Teaching Writing about Writing 4C15 SIG

Our CCCC 15 WAW SIG (gotta love acronyms) teaching group shared some really interesting ways to teach Writing about Writing.
We had a diverse group, from people teaching at a fully integrated WAW school to STEM WAW to WAW going rogue. Thanks to all of our participants. I walked away from the SIG with many, many great ideas!

Part of our discussion seemed to circle back on ways to get students “over the hump” of a difficult and rigorous writing curriculum. Here are some ideas we discussed:

  • Teach the literacy narrative first to ease them in.
  • Use children’s literacy TV shows to get them thinking about literacy (Reading Rainbow, Dora the Explorer)
  • Use the Digital Archive of Literacy Narratives (http://daln.osu.edu) as a resource.
  • Teach some reading strategies such as reading the first time very quickly for main ideas, reading headings and subheadings, skimming methods and data sections while concentrating on introductions and conclusions.
  • Understanding that this difficult materials is about treating students as adult/college level learners. We don’t “water down” anything for them.
  • Reminding them that they’ll be proud of their own hard work at the end of the semester.

We also discussed a variety of ways to think about WAW courses:
STEM WAW can focus on STEM genres, using a science accommodation assignment, reading Jeanne Fahnestock’s 1986 article, “Accommodating Science: The Rhetorical Life of Scientific Facts.”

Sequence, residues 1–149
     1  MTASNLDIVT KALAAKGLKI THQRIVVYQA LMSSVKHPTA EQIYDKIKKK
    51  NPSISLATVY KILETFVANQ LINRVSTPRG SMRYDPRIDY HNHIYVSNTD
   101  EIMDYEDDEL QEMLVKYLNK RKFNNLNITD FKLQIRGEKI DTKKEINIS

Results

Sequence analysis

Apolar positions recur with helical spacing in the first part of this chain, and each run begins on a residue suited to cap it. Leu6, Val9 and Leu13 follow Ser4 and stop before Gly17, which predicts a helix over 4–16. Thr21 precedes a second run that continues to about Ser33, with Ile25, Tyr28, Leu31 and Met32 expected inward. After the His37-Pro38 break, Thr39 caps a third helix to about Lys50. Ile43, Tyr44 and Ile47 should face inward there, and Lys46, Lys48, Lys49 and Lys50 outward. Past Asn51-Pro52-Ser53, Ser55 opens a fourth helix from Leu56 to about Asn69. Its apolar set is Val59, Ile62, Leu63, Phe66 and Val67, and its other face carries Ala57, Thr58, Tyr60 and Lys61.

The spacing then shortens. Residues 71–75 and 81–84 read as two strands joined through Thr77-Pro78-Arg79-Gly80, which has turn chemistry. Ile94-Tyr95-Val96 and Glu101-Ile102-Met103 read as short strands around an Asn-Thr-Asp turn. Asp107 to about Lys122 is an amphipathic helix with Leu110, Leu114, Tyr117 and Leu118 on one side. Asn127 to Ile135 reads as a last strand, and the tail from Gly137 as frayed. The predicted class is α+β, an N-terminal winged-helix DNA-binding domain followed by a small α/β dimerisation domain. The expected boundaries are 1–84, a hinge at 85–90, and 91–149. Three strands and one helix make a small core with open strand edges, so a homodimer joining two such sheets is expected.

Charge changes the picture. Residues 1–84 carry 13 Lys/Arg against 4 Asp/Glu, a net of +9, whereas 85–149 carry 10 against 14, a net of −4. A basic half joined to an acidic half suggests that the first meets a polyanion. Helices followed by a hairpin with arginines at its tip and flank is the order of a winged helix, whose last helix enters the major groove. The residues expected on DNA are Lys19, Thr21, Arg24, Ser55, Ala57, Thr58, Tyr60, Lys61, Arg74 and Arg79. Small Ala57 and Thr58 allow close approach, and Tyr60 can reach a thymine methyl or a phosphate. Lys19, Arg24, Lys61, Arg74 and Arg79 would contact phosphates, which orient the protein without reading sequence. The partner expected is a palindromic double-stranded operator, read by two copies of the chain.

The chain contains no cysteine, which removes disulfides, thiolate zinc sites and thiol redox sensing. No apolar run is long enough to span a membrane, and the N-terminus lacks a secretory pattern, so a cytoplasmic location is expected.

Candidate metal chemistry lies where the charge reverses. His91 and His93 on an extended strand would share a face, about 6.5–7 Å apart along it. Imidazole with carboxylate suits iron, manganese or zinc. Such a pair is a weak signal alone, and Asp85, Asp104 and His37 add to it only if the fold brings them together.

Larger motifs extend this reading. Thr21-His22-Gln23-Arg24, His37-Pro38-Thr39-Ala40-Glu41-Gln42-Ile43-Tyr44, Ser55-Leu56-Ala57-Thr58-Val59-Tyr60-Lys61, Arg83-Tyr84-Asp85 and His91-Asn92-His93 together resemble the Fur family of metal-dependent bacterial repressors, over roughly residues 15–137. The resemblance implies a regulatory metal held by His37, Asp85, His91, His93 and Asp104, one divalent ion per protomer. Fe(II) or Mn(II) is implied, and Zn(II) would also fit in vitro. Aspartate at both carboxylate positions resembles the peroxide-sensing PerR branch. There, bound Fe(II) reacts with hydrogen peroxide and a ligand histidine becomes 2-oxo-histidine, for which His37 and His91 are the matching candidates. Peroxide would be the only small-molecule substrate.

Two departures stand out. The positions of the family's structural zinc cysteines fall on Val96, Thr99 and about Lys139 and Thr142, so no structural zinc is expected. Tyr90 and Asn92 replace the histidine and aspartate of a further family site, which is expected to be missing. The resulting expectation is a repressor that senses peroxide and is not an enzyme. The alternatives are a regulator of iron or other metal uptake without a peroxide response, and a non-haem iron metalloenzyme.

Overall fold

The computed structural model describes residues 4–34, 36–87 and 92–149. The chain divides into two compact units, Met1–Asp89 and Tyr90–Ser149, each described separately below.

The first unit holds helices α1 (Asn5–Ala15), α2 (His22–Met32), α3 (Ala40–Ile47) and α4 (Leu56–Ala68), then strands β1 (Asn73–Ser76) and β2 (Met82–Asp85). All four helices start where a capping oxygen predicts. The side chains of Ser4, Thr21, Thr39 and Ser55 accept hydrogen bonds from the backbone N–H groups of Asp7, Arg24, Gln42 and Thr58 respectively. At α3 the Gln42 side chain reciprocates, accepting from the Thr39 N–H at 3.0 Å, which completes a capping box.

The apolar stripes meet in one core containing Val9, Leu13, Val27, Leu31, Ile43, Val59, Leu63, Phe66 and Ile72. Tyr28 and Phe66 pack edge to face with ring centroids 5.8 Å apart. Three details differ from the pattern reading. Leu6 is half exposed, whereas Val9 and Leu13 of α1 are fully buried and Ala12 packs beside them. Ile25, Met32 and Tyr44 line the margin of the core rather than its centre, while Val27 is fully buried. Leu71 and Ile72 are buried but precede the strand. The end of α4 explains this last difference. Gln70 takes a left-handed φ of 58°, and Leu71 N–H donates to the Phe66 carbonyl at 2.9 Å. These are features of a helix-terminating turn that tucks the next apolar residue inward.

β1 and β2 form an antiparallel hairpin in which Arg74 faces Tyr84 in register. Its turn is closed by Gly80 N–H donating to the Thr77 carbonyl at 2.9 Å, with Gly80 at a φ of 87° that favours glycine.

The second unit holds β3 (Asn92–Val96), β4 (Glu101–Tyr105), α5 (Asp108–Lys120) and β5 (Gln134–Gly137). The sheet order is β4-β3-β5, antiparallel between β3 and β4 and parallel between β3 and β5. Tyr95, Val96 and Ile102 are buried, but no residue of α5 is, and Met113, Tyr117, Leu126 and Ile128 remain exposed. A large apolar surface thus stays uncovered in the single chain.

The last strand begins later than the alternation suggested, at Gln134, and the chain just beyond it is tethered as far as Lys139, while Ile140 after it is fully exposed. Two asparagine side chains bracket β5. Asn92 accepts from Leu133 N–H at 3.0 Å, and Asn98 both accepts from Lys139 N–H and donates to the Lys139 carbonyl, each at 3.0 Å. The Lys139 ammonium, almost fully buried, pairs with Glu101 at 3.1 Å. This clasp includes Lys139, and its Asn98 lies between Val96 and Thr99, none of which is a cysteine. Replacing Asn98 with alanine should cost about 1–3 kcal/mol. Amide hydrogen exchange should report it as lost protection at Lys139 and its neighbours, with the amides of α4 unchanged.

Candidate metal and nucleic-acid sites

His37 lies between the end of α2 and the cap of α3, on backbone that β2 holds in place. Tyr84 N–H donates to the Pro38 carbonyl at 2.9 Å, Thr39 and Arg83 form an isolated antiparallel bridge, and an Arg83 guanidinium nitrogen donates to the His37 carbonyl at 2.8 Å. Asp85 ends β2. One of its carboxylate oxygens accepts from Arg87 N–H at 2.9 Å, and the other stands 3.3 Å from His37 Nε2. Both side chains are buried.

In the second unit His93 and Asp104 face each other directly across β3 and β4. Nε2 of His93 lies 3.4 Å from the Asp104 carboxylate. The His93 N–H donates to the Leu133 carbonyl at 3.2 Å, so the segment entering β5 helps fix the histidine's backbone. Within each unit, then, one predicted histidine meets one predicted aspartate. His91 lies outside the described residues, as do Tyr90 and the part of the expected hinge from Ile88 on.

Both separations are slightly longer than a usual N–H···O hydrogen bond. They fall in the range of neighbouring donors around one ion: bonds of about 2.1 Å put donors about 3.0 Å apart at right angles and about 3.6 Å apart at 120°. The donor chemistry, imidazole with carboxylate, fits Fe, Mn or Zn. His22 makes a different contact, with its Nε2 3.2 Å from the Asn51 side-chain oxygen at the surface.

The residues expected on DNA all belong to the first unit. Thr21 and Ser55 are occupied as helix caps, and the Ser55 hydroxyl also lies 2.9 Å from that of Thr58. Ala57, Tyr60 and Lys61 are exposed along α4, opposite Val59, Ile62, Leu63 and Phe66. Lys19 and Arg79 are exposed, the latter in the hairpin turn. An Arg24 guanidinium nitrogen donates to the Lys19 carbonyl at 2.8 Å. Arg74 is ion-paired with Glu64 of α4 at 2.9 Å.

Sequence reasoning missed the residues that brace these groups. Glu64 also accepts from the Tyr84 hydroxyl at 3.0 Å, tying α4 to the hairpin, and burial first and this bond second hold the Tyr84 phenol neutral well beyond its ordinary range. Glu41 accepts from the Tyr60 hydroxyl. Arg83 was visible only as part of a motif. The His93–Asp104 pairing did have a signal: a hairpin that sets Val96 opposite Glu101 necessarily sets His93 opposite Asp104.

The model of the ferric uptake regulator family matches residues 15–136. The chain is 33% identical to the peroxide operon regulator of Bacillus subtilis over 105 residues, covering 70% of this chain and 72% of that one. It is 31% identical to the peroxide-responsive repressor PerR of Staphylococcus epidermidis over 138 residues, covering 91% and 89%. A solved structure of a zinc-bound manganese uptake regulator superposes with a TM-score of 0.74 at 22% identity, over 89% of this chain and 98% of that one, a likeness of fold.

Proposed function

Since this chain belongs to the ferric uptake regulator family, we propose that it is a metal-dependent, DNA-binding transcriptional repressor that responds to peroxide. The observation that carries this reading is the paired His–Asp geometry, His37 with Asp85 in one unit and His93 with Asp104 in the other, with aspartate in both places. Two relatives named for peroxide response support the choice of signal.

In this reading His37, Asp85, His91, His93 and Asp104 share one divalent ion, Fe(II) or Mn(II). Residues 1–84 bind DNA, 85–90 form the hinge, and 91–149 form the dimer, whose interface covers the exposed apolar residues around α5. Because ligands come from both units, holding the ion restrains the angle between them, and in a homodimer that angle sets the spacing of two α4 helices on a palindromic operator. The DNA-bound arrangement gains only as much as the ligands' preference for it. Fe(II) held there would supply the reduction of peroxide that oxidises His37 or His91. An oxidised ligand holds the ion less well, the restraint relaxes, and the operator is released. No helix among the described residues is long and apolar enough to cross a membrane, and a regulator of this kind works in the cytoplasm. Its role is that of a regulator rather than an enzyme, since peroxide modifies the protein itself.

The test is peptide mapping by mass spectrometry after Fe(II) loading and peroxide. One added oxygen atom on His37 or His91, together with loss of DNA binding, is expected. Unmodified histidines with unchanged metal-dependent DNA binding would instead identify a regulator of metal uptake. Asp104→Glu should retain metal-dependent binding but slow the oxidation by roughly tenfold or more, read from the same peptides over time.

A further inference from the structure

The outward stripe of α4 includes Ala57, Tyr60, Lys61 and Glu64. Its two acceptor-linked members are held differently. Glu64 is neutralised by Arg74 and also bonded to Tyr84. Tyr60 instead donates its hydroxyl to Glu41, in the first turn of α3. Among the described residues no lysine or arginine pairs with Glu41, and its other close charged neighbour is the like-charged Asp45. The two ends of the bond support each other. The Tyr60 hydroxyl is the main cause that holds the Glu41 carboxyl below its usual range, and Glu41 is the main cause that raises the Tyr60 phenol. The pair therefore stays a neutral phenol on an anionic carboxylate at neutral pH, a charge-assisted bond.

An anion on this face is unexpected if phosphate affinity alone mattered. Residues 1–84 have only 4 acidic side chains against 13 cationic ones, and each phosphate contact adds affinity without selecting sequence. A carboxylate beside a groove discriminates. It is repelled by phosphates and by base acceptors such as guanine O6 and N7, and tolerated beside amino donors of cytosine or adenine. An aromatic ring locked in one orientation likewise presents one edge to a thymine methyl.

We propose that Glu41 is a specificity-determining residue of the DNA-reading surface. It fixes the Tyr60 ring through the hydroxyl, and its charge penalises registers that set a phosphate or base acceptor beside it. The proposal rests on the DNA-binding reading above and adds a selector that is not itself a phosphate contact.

Approach WAW thematically by deconstructing preconceived notions of writing that students bring with them.

  • What about a whole course on revision?
  • What if a first-year course focused on deconstructing the five paragraph essay? Think of White’s “Five Paragraph Theme Theme.”
  • How might we deconstruct the use of “I” in academic writing?
  • This could also be a course around one of our Threshold Concepts
  • Why not construct a course around major people in writing studies? Read and write about Donald Murray’s ideas and how they’ve changed over time. What other figures might work for this approach?

Please consider using this space to comment about other ideas or assignments that work for you!

One thought on “Teaching Writing about Writing 4C15 SIG”

  1. I like the final idea, of a research-sequence that asks students to trace the development of a writer/theorist over time; I’ve had that as an option in my classes, though not too many have taken me up on it. One potential pitfall to avoid is that the major figure (e.g. Donald Murray) can become merely fetishized as someone teachers value and students have to learn about due to some a priori significance. There are at least two ways around this: (1) frame the biography in terms of the student-writer’s own capacity for development and revision of ideas over time; (2) identify the major figures through existing bibliographic references in other texts students are reading, so that the biographical notes help the whole class become acclimated to the common knowledge of the discourse community. The latter case seems especially apt for an upper-level Writing Studies course.

    If people do take up this task, might I also suggest helping students to compose / curate the Wikipedia articles for these major figures in Rhet/Comp/Writing Studies? Many of them could use a lot more love and attention, and it’s a public forum for writing that sparks a lot of reflection on community standards etc…


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